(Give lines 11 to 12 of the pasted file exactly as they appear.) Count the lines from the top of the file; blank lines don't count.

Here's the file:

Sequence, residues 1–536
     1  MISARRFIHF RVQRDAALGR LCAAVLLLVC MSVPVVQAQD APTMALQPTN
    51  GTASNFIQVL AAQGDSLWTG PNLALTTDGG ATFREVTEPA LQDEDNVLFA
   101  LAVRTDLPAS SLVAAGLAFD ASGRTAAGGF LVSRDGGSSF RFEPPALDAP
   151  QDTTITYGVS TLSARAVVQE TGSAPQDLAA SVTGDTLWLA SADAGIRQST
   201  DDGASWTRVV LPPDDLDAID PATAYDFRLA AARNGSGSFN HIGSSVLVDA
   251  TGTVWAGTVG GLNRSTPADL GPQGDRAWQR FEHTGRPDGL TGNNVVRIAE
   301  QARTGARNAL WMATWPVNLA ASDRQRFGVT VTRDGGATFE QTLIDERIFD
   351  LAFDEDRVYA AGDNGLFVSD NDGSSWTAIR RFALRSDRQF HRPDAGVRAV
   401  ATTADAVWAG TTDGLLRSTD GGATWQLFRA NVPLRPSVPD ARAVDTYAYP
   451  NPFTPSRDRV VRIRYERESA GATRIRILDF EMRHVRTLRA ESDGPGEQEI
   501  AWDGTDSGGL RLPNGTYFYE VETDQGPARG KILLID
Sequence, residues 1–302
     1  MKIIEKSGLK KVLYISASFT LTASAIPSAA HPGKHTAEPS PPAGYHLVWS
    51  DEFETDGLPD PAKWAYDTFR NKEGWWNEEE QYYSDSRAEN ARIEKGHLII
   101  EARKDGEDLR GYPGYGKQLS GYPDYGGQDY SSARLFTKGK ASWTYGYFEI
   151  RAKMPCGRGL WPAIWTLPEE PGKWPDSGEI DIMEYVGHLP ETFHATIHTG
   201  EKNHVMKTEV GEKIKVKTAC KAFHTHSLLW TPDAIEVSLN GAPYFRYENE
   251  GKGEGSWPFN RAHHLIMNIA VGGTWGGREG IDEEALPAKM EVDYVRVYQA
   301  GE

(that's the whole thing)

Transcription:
   451  NPFTPSRDRV VRIRYERESA GATRIRILDF EMRHVRTLRA ESDGPGEQEI
   501  AWDGTDSGGL RLPNGTYFYE VETDQGPARG KILLID